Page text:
Summer holidays always catch pets by surprise. Every year, the bright flash of fireworks makes fur babies flee to their hiding spots. Thanks to the festivities of July 4th, pet parents have become well aware of how external factors affect their furry companion’s mental health.
While fireworks are the most obvious stressor, they’re not the only thing pets have to worry about. Many changes to their daily routine can trigger a stress response in pets. Here are the top 10 stressors that could be affecting your pet’s mental health.
- Fireworks: Fireworks can startle even the calmest pets. One moment the sky is dim and quiet, the next it’s exploding with light and sizzling noises. The brightness and sounds of fireworks are very jarring to pets because they can’t make sense of what’s happening outside. Fireworks usually appear around the holidays, making them an unwelcome disruption to your pet’s normal routine.
- Loud noises: Fireworks aren’t the only noisemakers in a pet’s environment. Dogs and cats often stumble across frightful noises in their day-to-day lives. Every pet has encountered their fair share of vacuums, lawn mowers and construction sites. Unexpected sounds can come from anywhere, and every pet reacts to them differently. Learning which noises trigger your pet can help you navigate a stressful event.
- Guests in the home: Guests can easily overwhelm four-legged companions. They might not be strangers to you, but they are to your pet. Inviting just one person into the home is all it takes to send your fur baby scurrying under the bed. Some pets may sidle up to guests while others are hesitant to trust new humans. How your pet reacts to strangers will depend on their temperament and past experiences with people.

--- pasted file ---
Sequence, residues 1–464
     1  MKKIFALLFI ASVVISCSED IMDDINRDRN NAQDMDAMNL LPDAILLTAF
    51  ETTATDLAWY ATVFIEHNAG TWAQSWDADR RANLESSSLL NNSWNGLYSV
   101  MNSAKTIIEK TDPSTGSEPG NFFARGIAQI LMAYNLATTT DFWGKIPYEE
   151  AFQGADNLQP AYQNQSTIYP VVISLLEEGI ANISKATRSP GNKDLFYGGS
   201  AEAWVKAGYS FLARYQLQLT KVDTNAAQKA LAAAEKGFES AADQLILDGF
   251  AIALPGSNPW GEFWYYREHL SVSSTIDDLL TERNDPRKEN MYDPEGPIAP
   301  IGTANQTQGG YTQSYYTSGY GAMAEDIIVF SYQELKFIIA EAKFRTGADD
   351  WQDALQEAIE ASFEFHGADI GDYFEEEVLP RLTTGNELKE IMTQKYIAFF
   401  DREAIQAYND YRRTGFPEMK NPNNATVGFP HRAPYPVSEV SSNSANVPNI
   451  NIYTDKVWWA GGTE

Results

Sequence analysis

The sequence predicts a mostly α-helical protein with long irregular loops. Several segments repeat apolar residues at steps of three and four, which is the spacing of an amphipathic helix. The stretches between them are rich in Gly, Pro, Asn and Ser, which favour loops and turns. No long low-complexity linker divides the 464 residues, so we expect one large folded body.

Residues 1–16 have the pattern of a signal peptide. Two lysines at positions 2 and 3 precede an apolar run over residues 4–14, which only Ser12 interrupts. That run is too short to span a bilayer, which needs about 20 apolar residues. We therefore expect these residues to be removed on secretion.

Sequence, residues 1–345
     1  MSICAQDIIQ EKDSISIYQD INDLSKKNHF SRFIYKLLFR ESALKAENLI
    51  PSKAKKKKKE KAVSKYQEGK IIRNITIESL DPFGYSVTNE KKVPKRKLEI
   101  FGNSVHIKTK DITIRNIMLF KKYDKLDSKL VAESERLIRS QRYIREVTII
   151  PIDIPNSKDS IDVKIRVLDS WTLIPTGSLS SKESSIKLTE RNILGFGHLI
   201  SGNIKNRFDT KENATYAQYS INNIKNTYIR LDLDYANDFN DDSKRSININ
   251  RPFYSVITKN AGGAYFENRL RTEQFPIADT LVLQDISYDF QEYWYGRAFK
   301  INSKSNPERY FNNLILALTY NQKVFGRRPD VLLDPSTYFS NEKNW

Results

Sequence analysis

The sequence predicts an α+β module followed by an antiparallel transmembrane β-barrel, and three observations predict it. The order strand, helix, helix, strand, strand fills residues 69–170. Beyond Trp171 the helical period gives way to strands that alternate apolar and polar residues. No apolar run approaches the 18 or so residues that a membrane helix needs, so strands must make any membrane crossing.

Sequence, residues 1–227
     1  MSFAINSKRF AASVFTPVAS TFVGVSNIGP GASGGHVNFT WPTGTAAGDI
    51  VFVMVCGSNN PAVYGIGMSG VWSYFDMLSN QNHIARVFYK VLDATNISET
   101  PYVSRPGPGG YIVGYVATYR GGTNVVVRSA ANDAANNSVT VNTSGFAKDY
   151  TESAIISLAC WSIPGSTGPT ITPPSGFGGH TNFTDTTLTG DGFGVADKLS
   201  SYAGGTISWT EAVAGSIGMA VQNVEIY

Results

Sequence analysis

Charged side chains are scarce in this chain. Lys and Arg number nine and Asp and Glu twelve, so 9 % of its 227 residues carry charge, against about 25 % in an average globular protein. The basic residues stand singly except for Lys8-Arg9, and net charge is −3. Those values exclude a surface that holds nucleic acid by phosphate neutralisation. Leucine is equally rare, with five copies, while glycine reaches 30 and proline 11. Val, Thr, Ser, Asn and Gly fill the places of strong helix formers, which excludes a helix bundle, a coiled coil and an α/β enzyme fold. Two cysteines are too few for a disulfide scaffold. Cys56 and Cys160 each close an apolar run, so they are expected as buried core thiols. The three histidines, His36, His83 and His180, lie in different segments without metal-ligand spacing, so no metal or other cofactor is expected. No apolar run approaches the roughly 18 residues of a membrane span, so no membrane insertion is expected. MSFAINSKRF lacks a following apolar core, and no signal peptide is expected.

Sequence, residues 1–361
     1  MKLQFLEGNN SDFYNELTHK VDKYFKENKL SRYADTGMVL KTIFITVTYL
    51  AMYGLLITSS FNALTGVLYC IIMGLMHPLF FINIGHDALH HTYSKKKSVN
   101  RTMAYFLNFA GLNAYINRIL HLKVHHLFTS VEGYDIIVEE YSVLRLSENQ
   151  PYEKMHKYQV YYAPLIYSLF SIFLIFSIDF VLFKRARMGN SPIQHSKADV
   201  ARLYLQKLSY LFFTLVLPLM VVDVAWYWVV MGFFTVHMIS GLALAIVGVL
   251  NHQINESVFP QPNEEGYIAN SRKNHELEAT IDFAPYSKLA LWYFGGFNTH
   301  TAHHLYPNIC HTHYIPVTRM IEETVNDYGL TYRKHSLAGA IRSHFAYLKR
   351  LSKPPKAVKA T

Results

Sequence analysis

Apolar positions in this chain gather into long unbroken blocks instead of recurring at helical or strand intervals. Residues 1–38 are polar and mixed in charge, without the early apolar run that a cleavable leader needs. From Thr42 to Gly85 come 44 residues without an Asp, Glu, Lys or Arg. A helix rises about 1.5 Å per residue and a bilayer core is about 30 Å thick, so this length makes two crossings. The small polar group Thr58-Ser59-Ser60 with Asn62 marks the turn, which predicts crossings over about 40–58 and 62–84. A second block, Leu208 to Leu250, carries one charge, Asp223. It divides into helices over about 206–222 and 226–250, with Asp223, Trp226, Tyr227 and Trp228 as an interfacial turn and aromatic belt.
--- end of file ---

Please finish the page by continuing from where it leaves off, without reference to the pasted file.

- Time spent alone: While some pets value their independence, others can’t stand having the house to themselves. Many dogs and cats experience separation anxiety when their owners leave the home. Separation anxiety may stem from previous owners abandoning them in the past. Pets can also feel anxious if they’re used to family being home all the time.
- Boarding facilities: Some pet parents choose to board their furry friends while they go on vacation. Boarding facilities are stressful because the pet is far away from their protector. Fido doesn’t know why you left, and they’re surrounded by new animals in an unfamiliar place. It’s an abrupt change to a pet’s routine that takes its toll on their mental wellbeing.
- Moving to a new home: Pets don’t like change, and putting them in a new environment is the biggest change possible. Over the years, your pet has gotten comfortable with their home. It’s become a safe space filled with all their favorite napping spots. When pet parents move into a new home, their fur babies have to relearn all the sights, sounds and smells in their environment.
- Changes to their living space: Some pets live in the same place their whole lives. That doesn’t mean their environment will stay consistent forever. Pet parents may purchase new furniture or rearrange the living room. These changes cause feelings of uncertainty in our furry companions. A change to their environment is especially stressful if their food bowls, litter boxes or beds aren’t in their usual spots.
- Other pets: Not all pets in a household may get along. They might become territorial or compete for your attention. Every time your pup ventures outside, there’s a good chance they’ll cross paths with the neighborhood cat or other dogs at the park. Pets are bound to meet other animals, and owners should monitor how their fur babies respond during social interactions.
- Car rides: Many pets are terrified of riding in the car. This is usually because they associate car rides with going to the vet. In some cases, a pet might’ve had a traumatic experience involving vehicles in the past. If your pet hates car rides, slowly reintroduce the activity back into their life while offering treats and praise.
- Stress from pet parents: Dogs and cats are very intuitive creatures. They can sense what we’re feeling and often mirror those emotions in their behavior. When you feel stressed, your pet will probably feel stressed, too. Negative emotions convince animals there’s danger in the surrounding environment. If you want to help Fido feel less stressed, your own mental wellbeing is a good place to start!
Pet parents can’t shield their furry companions from stressful events entirely. Stress is a natural part of life, and with some training, your pet can learn to overcome their fears. Pets may never enjoy fireworks, but your four-legged friend can at least tolerate them!